Crisp, the platform for forecasting demand for the food industry, goes online

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While the food industry is the largest in the world, it is also one of the least efficient. According to the BCG, 1.6 billion tons of $ 1.2 trillion worth of food is wasted on food every year, and these numbers are only expected to increase.

A number of players have tried to solve their own part of the problem, and one such solution is Crisp. The company, which received $ 14 million in Series A funds from FirstMark Capital last year, is now going live with its platform (which is in beta).

Crisp aims to solve the global problem of food waste through forecasting demand. Founder and CEO Are Traasdahl, a serial founder, believes that a lack of communication and data flow between the many actors in the supply chain is a major cause of all this waste, much of which happens long before the food reaches the consumer.

For many of these actors, forecasting demand is nowhere near perfect. From grocery brands to distributors to grocery stores, the problem is usually solved by looking at a table of last year's sales for hours to determine the signals that are critical to the sales performance of these or those SKUs.

And then there was crisp.

Integrated into almost every ERP software in a company, Crisp collects historical data from these food brands and combines this data with signals from other demand drivers such as seasonality, holidays, price sensitivity and other price information, marketing campaigns, competitive environment and weather affect.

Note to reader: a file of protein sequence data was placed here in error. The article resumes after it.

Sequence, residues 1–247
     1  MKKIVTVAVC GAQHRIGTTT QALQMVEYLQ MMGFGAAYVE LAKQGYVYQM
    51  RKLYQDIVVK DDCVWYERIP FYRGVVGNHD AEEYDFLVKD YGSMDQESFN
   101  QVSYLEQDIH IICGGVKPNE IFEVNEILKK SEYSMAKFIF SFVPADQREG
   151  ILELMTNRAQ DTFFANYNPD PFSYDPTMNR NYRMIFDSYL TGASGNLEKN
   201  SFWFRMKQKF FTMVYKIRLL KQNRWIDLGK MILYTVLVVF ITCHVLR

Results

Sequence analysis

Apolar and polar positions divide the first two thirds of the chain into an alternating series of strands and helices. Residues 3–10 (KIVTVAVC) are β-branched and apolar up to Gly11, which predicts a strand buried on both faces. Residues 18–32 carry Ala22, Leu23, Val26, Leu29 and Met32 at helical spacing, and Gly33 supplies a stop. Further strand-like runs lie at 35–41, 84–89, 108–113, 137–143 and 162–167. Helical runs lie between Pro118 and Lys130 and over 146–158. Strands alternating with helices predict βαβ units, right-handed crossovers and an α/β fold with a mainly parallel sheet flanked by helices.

Using these data points and historical sales data, Crisp believes that next day, week, month, or year demand can be represented much more accurately.

However, Crisp isn't just for grocery brands like Nounós Creamery, a Crisp customer who has seen 80 percent less inventory waste since moving to the platform. Crisp serves almost every player in the food supply chain, from retailers to retailers and brands to brokers.

And the more customers it gets, the better it can predict demand at a specific level. For example, the demand forecast for crisp offers for a particular grocery store, based on external data, obviously becomes much better once the grocery store is a customer on the platform.

Traasdahl initially feared that its customers would be reluctant to share this type of sensitive sales data, and that industry players may seek to share this data on a platform that aggregates all data, including their competitors. It turns out that the food industry is more of a "better together" mentality.

"Other industries are not so interdependent," said Traasdahl. “If I'm a dairy and need to buy blueberries for my yogurt, I may have five different suppliers for these blueberries. And if they are not delivered on the right day, Costco yells at me for being late with the yogurt. Everyone in the supply chain is somewhat interdependent. "

For this reason, it was easier than expected to win customers for the platform. The prospect of a platform for collaborative demand forecasting that delivers signals from across the industry will be more accurate than the forecast for subdued demand from a single vendor or brand.

During the beta program, launched in October, Crisp brought more than 30 companies to the platform, including Gilberts Craft Sausages, SunFed Perfect Produce, Nounós Creamery, Hofseth, REMA and Superior Farms.